Legacy Nursery Products was born out of commercial growers' needs for a better way to grow trees in containers. Traditional container tree production has numerous inherent problems, especially circling roots, splitting containers, tree blow-overs and high root zone temperatures.
In the late 1980s, Legacy Nursery Products' owner Jack Miller became especially aware of the problem of circling roots in container-grown plants when he was a member of the committee to revise Florida Grades and Standards for Nursery Plants. One of the committee's goals was to focus on the issue of spiraling roots in container-produced trees.
The severity of this root-circling problem was dramatically demonstrated during Florida's Hurricane Andrew in August 1992. Many of the trees blown over in the hurricane showed evidence of never having outgrown the root-circling pattern they established when grown in conventional plastic nursery containers. Because of this, the trees were never able to properly anchor themselves when planted. Hurricane Andrew showed how serious this root-circling problem could be, and Miller realized the importance of finding a container production method that was practical and cost-effective, and provided air-root pruning to prevent spiraling roots.
Miller, who is also owner of Botanics Wholesale, Inc., a wholesale plant grower in Homestead, Florida, and his Vice President Chris Oppenheimer, had been utilizing air-pruning containers in their liner production since the mid-1980s. However, they found the air-pruning container methods commercially available at the time to be impractical for large-scale nurseries due to their cost and cumbersome nature.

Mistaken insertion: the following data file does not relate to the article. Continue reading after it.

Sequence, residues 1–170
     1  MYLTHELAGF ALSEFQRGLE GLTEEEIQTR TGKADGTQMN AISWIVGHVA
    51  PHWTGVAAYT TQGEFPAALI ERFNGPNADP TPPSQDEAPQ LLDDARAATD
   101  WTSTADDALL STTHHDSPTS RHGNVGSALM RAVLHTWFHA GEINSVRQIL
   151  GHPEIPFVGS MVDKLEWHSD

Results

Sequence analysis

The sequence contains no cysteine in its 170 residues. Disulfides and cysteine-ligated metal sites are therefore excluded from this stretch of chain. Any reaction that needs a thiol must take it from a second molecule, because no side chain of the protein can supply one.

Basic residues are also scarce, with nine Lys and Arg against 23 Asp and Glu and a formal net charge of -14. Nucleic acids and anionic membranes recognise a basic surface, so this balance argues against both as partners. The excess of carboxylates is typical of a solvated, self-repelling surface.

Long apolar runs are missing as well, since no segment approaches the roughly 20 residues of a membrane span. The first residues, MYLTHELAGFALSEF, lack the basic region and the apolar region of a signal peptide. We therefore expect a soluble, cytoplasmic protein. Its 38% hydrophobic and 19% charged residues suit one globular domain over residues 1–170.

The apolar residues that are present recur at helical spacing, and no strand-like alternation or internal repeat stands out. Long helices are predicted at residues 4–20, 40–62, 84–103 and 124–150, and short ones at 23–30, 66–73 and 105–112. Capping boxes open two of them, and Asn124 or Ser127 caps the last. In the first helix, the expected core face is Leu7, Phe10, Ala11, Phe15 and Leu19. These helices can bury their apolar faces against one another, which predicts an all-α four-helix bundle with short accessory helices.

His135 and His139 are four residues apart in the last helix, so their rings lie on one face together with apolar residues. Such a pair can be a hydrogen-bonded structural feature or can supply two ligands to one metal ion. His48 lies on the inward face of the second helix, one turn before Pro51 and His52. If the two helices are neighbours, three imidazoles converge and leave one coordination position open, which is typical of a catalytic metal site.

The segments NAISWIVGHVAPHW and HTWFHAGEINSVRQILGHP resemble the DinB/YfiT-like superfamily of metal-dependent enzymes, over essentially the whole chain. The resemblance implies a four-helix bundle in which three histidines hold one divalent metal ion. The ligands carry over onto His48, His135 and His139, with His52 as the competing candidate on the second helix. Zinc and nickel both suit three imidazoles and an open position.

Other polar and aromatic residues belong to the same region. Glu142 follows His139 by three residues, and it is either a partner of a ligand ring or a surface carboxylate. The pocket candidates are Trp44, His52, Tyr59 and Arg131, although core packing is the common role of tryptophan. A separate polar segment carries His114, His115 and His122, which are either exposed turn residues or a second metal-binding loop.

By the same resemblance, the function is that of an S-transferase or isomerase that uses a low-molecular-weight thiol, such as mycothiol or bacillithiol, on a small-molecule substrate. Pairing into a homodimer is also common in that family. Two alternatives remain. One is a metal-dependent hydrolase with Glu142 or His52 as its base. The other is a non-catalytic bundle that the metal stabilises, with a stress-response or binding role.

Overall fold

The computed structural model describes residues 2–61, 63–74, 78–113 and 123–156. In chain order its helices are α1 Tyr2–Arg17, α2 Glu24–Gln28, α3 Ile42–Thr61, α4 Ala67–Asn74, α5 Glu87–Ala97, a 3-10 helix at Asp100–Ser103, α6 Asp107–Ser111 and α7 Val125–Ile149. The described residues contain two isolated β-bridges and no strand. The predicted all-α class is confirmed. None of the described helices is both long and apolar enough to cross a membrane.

Miller began searching for an better way to grow air-root-pruned trees in large-scale nursery production. What he found was a sturdy fabric called non-woven polypropylene. This product, commonly used in civil engineering projects, has tremendous burst strength and porosity, and allows air flow over its entire surface. Miller realized this would provide the air-pruning he wanted, while also moderating soil temperatures for cooler root zones.
With the help of textile engineers, Miller tested many generations of this new fabric container in the field. The result was JackPot, a fabric air-root-pruning container that is rigid and easy to use. Miller also incorporated a high UV protection requirement, which offers an excellent service life of three to five or more years (depending on fabric weight), even in the extremes of Florida sun. The container was named JackPot to demonstrate the pay-off growers receive when using this product to overcome the risks of the agricultural business.
Once JackPot was ready for use, an efficient method for mixing soil and filling the containers was needed. Miller discovered that the Kuhn Knight Reel Auggie, designed to mix cattle feed, was also ideal for mixing soil. The Reel Auggie mixes the soil and shoots it out a side shoot, where the JackPot is filled. Available in stationary, truck-mounted, or trailer-type models, this machine is versatile for field use.
With this excellent new air-root-pruning product and efficient mechanization for filling, an affordable and efficient method for growing healthy plants was realized. The JackPot costs less than all other containers on the market, provides air-root pruning and moderated root zone temperatures, is extremely sturdy and durable, allows for root tack-down and prevents wind blow-overs, and greatly reduces the amount of storage space needed for containers.
In the early days of JackPot use, customers who purchased trees grown in the JackPot quickly began to realize the advantages of the container, and began purchasing it as well. One customer purchased 75,000 containers for exclusive use in a new 150-acre container tree nursery.
Trees grown in the now-patented JackPot are truly "legacy trees," trees that will thrive for the full length of their natural life. The company Legacy Nursery Products is named for these legacy trees, and is proud to offer Progressive Products for Progressive Growers.
Excerpts and photos on this page are from the article "The Art of Selection" in the June 2004 issue of Ornamental Outlook. Photos and article by Roy C. Padrick. See the full article.